Civets in artwork

It is hard to get civets in photographs, let alone in artwork. In the last month of 2016, we received two lovely common palm civet artwork submissions.

The first is from Henrietta Woo. She chose to take up the challenge of drawing Mr Kinky Tail for one of her drawing classes. Some of you might be familiar with Mr Kinky Tail. He/she is an urban civet that was sighted in Opera Estate, Singapore. Nonetheless, Mr Kinky Tail will always remain as a very special civet.


Henrietta’s artwork of Mr Kinky Tail. Thanks for keeping the memory of Mr Kinky Tail alive, Henrietta!

Xu Weiting- civet in daylight

Mr Kinky Tail in broad daylight

The second is of a common palm civet on a figging tree. This watercolour painting was done by Mireille Murphy. This was inspired by civet sightings on Frasers’ Hill. The drawing truly reflects a common palm civet’s frugivorous habits. Civets can occasionally be found in figging trees and sometimes, if you are in luck, you might even find more than one individual. Did you notice another unusual characteristic about this civet? Instead of the usual black tail, there are some individuals which have a white or off white-tipped tail. Such unique characteristics are useful in allowing researchers to identify specific individuals in an area.


Amazing common palm civet water colour painting by Mireille Murphy


Doesn’t it look like this civet with a white-tipped tail?

Civet sightings are hard to come by, so if you do have the fortune of urban civets visiting your house or have seen civets in your neighbourhood, please do share with us your sightings here. As 2016 comes to an end, we carry on with the hope that more people here in Singapore and in the rest of Southeast Asia will come to have a better understanding and appreciation of our native urban carnivoran, the common palm civet. And hopefully these efforts will translate into positive actions for civets, such as reducing the exploitation of wild civets for farmed kopi luwak trade or promoting co-existence between civets and humans in urban landscapes.

Reflections from Claudia, our first civet intern

Claudia Ang was an intern with the NUS Civet Research Team, helping out with various roadshow events such as Festival of Biodiversity and Ubin Day, as well as organizing and presenting talks to students in various schools in Singapore. She also helped in managing the team’s social media platforms such as its Facebook page and blog for a year (May 2015 to May 2016).

IMG-20160202-WA0005I had joined the NCRT back in May 2015, and looking back now, it has been a year since I first got to know Weiting and Tze Kwan, both of whom are passionate researchers and advocates of civet welfare. I had come into the team with very limited knowledge on Singapore’s biodiversity, and I hadn’t quite an idea of how vast and rich our environment was of all the different habitats and organisms that live within them. Quite frankly, I was only someone with a drive and passion to work for and alongside animals. When I came across the team’s call for an intern on social media, I knew I had to give it a try.

FullSizeRender(1)I have learned so much and have met so many environmentally-conscious people since. It is always a humbling experience to speak with them, they who know so much about Singapore’s conservation issues and who work so hard in order to create environmental awareness among the public, while at the same time always involving themselves in different avenues to discover and learn more about the local biodiversity. I am thinking of Sankar, the Toddycats SG50 LKCNHM intern, whose enthusiasm always lights up the room. And Becky, also the 2015 IKEA-ICCS intern who always goes the extra mile to advocate environmental consciousness. They are just a few of the inspiring individuals whom I have met through NUS Toddycats events, which are in itself so enriching. It was through these Toddycats events that I managed to learn more about the various animals that share our landscape, such as bats, dugongs, otters, and various birds such as the oriental pied hornbill and the collared kingfisher.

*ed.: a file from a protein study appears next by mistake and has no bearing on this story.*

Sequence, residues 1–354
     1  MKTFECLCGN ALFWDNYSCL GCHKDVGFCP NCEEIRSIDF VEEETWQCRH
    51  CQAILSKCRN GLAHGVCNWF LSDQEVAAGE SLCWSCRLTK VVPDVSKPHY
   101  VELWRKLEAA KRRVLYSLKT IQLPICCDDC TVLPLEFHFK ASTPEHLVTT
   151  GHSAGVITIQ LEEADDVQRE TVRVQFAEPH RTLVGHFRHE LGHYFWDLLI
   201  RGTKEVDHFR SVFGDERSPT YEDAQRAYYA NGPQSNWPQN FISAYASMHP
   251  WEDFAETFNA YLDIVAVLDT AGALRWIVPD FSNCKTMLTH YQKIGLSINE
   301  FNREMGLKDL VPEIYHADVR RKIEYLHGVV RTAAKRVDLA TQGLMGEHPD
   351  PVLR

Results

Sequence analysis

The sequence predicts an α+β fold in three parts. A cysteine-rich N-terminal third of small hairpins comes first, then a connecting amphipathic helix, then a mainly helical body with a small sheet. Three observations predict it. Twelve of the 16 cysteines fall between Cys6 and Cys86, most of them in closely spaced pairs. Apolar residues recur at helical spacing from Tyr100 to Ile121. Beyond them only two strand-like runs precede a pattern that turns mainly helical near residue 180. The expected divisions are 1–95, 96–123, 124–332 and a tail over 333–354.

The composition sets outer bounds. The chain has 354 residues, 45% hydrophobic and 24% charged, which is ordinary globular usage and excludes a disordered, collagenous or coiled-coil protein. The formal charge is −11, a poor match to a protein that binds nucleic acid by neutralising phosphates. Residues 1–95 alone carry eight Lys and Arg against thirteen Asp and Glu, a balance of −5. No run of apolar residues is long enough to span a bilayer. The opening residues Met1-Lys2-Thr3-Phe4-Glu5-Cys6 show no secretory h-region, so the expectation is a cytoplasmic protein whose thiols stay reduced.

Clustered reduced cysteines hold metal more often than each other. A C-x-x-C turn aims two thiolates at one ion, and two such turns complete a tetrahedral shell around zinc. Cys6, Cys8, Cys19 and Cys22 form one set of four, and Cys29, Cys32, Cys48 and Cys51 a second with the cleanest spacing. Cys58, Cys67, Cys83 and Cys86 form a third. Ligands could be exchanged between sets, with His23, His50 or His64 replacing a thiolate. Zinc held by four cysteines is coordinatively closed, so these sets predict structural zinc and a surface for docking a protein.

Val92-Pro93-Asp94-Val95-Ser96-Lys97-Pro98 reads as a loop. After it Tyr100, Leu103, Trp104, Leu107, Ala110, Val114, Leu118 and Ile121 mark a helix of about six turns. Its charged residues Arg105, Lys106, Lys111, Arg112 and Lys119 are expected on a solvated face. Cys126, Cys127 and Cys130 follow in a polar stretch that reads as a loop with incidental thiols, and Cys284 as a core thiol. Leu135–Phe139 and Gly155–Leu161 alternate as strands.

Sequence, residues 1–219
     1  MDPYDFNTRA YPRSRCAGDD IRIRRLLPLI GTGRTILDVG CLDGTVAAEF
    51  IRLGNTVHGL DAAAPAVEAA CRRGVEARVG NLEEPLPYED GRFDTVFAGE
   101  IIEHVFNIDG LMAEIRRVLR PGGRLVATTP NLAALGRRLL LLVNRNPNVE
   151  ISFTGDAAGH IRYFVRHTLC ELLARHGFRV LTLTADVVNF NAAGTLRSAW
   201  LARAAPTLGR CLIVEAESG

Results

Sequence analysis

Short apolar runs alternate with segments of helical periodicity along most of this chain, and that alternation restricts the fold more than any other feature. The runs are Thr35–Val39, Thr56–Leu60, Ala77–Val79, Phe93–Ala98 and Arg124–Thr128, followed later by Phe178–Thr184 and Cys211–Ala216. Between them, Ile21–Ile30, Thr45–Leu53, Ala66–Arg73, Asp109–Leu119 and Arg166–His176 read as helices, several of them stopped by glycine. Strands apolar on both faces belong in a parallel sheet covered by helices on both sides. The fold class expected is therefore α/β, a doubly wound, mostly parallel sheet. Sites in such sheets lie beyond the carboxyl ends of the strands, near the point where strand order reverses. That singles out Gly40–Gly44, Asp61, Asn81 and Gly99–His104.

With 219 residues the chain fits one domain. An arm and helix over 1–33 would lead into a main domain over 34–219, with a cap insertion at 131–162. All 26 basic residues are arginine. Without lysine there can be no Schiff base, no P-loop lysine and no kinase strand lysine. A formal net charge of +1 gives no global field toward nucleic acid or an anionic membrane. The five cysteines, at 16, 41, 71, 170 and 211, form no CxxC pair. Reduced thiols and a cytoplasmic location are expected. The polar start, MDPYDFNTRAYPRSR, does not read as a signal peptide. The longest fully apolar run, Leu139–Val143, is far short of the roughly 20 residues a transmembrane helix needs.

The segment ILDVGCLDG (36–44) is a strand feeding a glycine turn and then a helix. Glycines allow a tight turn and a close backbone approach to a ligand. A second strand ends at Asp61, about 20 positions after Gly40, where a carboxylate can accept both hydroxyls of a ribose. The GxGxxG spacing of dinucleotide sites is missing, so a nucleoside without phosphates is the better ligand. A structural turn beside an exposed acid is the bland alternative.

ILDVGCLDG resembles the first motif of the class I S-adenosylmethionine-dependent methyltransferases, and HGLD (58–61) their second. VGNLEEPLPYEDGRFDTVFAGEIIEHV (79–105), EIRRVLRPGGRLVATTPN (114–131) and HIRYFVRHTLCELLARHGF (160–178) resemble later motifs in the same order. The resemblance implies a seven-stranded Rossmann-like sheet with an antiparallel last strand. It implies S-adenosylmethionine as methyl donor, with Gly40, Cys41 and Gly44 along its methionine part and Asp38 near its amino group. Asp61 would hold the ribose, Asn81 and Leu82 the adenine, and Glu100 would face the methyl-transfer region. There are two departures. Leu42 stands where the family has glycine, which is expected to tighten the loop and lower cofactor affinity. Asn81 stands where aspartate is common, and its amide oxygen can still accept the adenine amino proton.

pulauubinIn a similar way it is always exciting to visit schools to give talks. Just to be able to speak to them for an hour, knowing that they will leave the school hall with much more knowledge and awareness on Singapore’s environment and biodiversity is reward enough. Most students nowadays are not sufficiently aware, in the same way that I was not. It brought up a pressing issue, that is we are not doing enough, as a whole and as a country, to promote/inculcate environmentally-conscious thinking. School talks are thus of extreme importance if we would like to get our future generations involved in efforts to conserve our environment.

macppOur natural heritage is something to work towards conserving. It won’t just conserve itself by itself. Disappearing forests and depleting wildlife are issues that we should be worried about. With this internship, I have obtained a new perspective and a heightened urgency to redeeming and conserving our local flora and fauna. It has been fulfilling in a way that I have learned so much from these people – the way they work, the way they think, all stemming from the passion that drives them – and I am incredibly thankful for that. FullSizeRender“Thank you Claudia for the many exhibitions and talks that you conducted, blog posts and publicity materials that you created within the span of a year. We will miss your creative energy and enthusiasm. The team would like to wish you all the very best in your future endeavours and keep growing the passion that you have for animals within you.”